Since 2005, the rock band has partnered with the nonprofit organization Reverb on the BamaGreen Project, an ambitious set of environmental efforts taken on the road, at home and among their fans. For every stop of the band’s North American tours, Reverb has helped design a comprehensive sustainability program to lessen their environmental impact. The plans include using biodiesel for buses, sourcing local farms for catering, recycling and composting backstage waste and funding solar and wind energy projects.
Over the course of 15 years and 578 concerts, the band has recycled 338,000 gallons of waste, composted 138,000 pounds of food, supported 2,100 family farms and clocked 24,500 volunteer hours. Their efforts have led to Reverb being named UN Environment’s Music and Public Engagement Partner as well.
“It’s desperate times, and we all need to work together to have hope for the future, hope for our children and hope for the planet,” said Matthews, participating in a UN Environment Goodwill Ambassadorship ceremony at a St. Louis tour stop.
Every concert venue also features the BamaGreen Eco-Village, a station that encourages fans to participate in the environmental initiative and reduce their carbon footprint. During their summer 2019 tour, the band is focused on fighting climate change and raising funds to build rooftop solar projects on low-income housing.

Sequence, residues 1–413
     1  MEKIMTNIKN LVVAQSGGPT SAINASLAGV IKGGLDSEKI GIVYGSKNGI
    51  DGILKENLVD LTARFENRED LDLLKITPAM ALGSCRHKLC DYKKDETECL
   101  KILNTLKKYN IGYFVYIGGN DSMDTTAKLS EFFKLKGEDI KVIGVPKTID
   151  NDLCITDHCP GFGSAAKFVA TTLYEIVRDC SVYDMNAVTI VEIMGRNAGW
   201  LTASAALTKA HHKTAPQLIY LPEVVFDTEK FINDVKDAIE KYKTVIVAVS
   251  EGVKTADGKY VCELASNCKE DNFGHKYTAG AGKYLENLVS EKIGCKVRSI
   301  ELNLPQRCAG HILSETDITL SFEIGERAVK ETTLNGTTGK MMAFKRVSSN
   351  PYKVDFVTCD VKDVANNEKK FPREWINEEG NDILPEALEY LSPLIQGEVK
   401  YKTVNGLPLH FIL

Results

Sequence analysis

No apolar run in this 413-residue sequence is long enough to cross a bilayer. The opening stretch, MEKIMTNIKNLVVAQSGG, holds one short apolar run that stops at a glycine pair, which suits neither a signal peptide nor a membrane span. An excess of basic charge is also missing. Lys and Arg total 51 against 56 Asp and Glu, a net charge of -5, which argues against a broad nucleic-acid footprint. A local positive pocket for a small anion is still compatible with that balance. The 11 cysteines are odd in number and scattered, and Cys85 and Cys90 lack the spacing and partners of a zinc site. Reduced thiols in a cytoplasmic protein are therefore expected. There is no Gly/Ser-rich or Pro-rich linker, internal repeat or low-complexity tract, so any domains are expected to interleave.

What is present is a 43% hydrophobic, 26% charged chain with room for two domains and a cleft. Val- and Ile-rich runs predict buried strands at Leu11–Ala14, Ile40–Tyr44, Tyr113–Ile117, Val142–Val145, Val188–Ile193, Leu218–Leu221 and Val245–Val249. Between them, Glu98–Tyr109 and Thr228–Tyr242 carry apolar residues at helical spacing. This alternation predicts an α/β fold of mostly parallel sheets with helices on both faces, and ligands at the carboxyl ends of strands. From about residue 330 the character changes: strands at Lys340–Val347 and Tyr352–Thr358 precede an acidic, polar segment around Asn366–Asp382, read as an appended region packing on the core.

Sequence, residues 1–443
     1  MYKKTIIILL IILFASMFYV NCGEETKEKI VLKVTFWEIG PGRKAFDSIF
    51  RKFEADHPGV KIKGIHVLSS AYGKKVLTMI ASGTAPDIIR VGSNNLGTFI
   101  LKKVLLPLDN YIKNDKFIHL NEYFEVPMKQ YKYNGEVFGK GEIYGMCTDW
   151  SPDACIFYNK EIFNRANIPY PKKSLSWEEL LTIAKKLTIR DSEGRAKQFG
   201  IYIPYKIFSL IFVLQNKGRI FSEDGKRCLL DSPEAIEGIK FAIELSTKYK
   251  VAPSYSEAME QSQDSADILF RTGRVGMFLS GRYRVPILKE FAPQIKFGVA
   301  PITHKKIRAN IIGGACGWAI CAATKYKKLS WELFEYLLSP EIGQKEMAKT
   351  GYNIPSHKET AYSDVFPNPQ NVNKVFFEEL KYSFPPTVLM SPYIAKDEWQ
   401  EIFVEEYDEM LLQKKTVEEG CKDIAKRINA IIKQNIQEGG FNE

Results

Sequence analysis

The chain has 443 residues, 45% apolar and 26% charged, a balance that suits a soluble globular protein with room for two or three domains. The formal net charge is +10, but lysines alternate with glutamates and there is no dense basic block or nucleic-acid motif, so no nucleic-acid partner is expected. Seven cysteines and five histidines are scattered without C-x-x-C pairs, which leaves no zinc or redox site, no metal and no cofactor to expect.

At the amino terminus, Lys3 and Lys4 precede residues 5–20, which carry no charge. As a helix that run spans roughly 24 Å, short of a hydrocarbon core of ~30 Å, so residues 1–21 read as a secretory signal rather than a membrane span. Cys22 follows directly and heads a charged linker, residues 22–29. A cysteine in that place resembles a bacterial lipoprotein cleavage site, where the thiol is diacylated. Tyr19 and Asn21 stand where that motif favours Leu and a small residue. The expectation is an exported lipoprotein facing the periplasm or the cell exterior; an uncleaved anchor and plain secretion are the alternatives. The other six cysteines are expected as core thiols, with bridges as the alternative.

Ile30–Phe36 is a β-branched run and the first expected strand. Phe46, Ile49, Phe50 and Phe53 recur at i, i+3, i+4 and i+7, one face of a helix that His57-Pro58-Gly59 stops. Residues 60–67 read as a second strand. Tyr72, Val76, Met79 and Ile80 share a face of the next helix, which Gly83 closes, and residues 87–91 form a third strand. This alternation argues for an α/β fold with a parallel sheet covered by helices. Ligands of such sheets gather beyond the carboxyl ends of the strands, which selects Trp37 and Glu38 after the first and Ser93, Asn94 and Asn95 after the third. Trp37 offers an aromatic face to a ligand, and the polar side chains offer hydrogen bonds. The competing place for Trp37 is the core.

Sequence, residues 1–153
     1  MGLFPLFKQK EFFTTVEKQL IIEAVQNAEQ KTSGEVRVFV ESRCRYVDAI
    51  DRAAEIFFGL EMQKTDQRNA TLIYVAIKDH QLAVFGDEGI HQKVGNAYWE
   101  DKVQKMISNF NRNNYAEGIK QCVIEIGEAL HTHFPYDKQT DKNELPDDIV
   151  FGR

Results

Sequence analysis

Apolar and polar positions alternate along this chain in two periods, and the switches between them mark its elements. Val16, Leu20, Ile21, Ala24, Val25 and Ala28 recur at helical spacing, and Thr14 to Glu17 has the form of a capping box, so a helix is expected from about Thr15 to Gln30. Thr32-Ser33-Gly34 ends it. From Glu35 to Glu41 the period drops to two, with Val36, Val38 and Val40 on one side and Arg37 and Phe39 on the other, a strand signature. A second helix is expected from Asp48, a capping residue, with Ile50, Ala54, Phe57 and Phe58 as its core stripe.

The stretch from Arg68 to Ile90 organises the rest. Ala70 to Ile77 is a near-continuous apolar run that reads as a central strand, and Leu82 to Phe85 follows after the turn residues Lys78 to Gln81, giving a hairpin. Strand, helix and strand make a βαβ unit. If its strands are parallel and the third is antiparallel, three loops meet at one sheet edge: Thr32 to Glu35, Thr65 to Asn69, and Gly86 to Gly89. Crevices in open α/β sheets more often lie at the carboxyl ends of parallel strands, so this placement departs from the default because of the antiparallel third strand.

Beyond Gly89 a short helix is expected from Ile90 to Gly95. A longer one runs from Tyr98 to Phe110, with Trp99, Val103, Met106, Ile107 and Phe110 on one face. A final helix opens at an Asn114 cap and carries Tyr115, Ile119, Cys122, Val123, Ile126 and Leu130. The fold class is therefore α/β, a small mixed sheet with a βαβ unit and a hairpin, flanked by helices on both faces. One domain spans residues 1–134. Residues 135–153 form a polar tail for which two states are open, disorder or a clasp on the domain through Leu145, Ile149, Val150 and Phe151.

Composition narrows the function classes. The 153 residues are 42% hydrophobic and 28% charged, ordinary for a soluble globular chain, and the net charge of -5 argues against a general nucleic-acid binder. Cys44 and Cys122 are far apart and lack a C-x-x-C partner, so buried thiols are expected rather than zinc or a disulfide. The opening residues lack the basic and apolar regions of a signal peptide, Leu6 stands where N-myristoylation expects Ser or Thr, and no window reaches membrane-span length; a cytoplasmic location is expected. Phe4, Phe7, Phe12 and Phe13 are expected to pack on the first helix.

“The music industry needs artists who lead by example, and the Dave Matthews Band has truly set the gold standard for green tours,” said Adam Gardner, founder of Reverb, in a statement. “We are grateful to be working with artists like Dave Matthews Band who engage, educate and mobilize their fan base in the fight against climate change. This sends an important message to policy makers around the globe: The time to act is now.”
The band joins Jack Johnson, Ellie Goulding, Don Cheadle, Gisele Bundchen and other celebrities as fellow Goodwill Ambassadors.
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